We also need to educate our children, boys as well as girls, to understand about respectful relationships. 
 
Time was when all education effort went into telling women and girls how to keep themselves safe at night – superficially nothing wrong with that except it has made women and girls feel responsible and ashamed if they are attacked as if they have done something wrong. This needs to change. Don’t blame victims! Hold the attackers to account.
 
All of us can do something: speak out if you hear women being talked about disparagingly or objectified; Interrupt if you witness someone being harassed ( attackers don’t want witnesses so they will usually stop if they realise they have been noticed) Call for help if you feel unsafe yourself in intervening but please do not ignore a situation that you feel instinctively is not going to end well for the woman.
 
I ended my previous letter by saying that if fear keeps us at home, it erodes our sense of neighbourliness and community and can start us all viewing another person out and about as a possible threat. 
 
I hope that when we do come out of lockdown, our city can hold some event – perhaps in the Dane John Gardens – to the memory of Sarah Everard and in the hope that her death may be the turning point so that finally we bring an end to violence against women and girls.
 
Together we can change this.
Yours
Pip Hazelton
Labour and Co-operative Party Candidate Westgate Ward
 
 
By Pip Hazelton / Latest News / / 0 Comments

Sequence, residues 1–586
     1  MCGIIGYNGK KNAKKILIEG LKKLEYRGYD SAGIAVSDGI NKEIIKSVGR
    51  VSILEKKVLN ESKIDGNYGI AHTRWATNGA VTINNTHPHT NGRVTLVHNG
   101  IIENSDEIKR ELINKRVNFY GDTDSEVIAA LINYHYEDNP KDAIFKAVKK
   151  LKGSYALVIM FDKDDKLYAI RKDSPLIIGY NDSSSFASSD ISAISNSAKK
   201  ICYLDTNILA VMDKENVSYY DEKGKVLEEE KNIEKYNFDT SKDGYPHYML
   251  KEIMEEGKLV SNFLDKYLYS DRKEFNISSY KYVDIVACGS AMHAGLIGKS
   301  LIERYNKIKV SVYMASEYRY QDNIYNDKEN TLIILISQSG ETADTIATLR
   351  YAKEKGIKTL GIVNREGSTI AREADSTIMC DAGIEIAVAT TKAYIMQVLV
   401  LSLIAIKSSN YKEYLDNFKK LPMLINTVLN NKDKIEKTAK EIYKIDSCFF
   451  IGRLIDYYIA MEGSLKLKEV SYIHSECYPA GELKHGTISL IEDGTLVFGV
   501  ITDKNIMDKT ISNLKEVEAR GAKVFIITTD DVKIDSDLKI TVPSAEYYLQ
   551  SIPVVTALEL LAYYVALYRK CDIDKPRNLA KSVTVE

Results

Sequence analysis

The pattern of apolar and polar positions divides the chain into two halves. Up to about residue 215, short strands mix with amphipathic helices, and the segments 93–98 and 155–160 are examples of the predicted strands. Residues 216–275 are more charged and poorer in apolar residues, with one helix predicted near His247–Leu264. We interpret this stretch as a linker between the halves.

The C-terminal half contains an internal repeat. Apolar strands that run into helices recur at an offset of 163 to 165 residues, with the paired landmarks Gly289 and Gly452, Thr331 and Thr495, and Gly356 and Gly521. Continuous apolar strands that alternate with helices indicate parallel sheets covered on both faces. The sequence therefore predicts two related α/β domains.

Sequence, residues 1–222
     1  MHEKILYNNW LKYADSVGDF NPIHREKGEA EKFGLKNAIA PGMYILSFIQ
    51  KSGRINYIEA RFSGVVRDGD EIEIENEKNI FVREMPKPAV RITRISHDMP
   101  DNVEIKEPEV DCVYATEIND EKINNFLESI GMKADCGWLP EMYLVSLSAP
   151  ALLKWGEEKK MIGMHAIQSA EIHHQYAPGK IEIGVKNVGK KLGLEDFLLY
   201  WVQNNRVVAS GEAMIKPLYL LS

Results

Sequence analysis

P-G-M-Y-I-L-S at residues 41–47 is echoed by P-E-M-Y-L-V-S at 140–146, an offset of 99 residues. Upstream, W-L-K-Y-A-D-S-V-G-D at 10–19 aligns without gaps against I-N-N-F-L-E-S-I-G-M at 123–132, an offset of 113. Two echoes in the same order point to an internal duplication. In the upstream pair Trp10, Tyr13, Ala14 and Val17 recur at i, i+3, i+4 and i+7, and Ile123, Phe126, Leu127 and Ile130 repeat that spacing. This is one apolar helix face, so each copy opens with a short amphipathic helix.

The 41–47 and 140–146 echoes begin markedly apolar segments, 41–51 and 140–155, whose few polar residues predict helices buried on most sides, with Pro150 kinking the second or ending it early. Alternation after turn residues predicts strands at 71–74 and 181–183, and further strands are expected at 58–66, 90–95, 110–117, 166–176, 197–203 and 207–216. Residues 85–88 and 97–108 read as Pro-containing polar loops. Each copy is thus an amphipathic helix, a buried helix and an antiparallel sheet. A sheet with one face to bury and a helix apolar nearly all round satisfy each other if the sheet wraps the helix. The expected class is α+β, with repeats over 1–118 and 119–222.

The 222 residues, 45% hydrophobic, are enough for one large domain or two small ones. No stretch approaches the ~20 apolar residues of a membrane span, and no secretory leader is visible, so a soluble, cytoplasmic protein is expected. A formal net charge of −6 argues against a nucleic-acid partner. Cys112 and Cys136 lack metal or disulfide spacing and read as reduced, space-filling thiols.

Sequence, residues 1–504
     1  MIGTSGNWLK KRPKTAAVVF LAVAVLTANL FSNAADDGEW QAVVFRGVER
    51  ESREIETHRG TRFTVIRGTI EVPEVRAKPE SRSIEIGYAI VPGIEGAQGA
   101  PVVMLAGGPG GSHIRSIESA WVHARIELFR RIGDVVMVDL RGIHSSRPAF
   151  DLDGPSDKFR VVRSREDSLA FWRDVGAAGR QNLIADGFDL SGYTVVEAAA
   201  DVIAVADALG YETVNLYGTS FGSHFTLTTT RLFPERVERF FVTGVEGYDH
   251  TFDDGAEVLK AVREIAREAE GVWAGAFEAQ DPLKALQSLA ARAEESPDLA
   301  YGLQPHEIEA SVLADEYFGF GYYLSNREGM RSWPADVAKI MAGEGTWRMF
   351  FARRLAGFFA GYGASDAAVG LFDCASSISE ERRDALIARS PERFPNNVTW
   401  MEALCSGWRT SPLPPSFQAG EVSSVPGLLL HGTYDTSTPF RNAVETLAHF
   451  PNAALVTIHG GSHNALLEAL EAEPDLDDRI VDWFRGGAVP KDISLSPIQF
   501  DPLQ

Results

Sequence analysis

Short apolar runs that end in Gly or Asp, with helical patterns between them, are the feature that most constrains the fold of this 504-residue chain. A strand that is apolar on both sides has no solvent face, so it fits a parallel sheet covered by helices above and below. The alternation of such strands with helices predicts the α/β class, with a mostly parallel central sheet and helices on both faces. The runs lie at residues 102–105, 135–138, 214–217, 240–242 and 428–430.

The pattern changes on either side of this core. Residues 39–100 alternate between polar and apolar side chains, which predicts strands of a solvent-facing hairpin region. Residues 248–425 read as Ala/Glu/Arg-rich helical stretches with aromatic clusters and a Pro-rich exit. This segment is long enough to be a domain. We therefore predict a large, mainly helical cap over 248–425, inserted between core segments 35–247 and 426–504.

Dear Sir
 
I read your article last week ( 4th March) about our bin service being ‘Back on Track’ with interest. Like so many residents, I have been frustrated  by the missed bin collections from a poor position before Christmas, to a truly awful one in the couple of months since. I understand and have some sympathy for the new in house Canenco company, firstly taking over from failed Serco, having staff off due to the coronavirus and then battling the snow. Personally
 
I am delighted that the Council has brought this service back under it’s direct control and I wish it well. I also welcomed council leader, Ben Fitter Harding’s apology for the missed collections but I do want to know what redress us council tax payers will have if his very public ‘pledge’ to provide an ‘excellent service for all residents’ fails to materialise over time? Words are easy and delivering on promises less so. I would like to see regular council committee scrutiny of the performance by this new service and that the ‘pledge’ comes backed up with a guarantee – perhaps three missed collections and residents have a choice of a steam clean of their bins, a replacement bin, discount on their garden waste fee…. Or a whole missed street could have a free community skip delivered to help clear bulky items and save on trips to the dump. 
 
I’m sure a range of practical gestures such as these, as well as fulsome apologies by our council would go a long way to making us residents believe they really do care, at the same time as ensuring managers tasked with delivering our service are kept on their toes.
 
Yours
Pip Hazelton 
Labour and Co-operative candidate for Westgate
Old Watling Street
Canterbury